Tips For Reducing Food Waste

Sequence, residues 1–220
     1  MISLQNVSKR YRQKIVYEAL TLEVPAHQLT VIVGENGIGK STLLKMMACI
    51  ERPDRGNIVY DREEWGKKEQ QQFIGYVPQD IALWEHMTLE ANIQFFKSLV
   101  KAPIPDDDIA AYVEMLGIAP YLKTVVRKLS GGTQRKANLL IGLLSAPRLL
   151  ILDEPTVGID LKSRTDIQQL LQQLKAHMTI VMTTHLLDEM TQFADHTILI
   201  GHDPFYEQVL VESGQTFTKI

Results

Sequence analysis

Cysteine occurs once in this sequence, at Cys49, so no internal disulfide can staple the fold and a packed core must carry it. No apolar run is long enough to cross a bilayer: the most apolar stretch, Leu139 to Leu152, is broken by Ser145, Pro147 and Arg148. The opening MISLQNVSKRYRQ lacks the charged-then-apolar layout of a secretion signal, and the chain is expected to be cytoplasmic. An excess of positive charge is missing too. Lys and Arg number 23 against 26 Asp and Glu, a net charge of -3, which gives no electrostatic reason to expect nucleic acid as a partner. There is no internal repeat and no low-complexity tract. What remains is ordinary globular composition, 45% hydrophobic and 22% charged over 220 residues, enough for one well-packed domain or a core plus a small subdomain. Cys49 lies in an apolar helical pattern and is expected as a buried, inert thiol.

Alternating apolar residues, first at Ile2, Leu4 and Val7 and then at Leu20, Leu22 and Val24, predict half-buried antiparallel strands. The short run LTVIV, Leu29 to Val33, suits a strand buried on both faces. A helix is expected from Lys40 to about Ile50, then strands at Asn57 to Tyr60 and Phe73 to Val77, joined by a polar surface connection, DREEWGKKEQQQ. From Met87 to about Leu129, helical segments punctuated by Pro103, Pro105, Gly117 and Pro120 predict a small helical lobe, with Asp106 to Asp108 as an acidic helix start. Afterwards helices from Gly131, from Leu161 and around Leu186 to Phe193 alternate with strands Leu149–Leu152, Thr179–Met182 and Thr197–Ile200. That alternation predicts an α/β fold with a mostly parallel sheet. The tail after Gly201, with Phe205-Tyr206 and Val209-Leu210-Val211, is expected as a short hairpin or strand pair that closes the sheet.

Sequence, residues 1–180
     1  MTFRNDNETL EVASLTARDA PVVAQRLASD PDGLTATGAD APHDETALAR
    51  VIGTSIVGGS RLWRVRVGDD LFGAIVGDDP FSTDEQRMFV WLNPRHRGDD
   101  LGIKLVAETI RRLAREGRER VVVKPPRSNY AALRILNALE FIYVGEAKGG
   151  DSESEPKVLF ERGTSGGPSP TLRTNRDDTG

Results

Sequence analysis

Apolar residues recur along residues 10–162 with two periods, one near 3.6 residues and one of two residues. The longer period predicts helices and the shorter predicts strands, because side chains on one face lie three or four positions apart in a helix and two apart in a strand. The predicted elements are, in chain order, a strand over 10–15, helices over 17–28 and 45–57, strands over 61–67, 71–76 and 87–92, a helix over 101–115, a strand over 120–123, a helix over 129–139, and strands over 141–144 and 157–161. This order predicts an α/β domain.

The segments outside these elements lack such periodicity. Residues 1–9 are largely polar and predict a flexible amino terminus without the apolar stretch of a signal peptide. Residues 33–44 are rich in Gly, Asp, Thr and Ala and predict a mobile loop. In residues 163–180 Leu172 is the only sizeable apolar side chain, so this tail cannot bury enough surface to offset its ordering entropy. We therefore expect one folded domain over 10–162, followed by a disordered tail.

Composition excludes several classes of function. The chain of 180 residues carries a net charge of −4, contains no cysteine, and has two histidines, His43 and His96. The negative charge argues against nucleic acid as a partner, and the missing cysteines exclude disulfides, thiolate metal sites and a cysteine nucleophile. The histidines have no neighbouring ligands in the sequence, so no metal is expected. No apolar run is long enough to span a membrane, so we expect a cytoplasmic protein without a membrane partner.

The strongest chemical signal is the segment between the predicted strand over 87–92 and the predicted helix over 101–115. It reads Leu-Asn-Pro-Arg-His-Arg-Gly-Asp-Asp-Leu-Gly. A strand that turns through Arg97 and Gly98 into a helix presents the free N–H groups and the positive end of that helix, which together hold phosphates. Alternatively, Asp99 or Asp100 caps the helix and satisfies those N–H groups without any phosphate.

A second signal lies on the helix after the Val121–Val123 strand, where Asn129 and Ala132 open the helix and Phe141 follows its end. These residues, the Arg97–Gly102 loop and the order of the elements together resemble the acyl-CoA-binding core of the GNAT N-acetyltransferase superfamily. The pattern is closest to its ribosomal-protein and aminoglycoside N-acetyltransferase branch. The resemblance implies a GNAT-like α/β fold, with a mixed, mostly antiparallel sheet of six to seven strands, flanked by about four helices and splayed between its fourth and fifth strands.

May 21, 2020